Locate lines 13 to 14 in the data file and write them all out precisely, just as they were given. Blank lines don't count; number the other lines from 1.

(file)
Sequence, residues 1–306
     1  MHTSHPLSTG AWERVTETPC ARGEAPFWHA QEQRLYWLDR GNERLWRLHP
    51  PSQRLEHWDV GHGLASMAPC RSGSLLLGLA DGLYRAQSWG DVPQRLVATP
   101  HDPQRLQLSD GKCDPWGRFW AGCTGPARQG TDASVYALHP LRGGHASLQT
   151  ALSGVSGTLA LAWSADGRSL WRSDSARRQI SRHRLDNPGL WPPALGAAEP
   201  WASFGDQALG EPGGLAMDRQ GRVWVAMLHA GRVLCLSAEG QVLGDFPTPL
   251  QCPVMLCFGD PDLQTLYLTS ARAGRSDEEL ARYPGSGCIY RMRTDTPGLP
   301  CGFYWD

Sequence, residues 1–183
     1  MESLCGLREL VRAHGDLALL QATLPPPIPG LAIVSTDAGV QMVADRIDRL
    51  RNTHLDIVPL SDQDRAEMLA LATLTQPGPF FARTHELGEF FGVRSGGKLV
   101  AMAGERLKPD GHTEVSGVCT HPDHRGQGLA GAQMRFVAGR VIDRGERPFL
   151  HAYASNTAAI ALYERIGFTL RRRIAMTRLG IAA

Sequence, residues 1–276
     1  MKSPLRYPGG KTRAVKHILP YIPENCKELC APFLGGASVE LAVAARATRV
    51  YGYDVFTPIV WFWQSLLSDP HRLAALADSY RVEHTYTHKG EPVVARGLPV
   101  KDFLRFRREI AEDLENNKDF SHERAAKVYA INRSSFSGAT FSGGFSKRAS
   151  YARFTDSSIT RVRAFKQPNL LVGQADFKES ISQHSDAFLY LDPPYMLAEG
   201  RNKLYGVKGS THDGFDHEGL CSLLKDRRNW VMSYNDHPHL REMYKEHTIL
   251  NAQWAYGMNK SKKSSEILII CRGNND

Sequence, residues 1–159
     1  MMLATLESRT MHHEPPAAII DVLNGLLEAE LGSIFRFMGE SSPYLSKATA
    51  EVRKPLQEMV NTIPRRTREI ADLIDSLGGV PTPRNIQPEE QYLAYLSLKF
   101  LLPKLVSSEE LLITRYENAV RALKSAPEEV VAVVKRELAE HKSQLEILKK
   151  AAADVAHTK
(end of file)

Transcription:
   151  HAYASNTAAI ALYERIGFTL RRRIAMTRLG IAA

Sequence, residues 1–276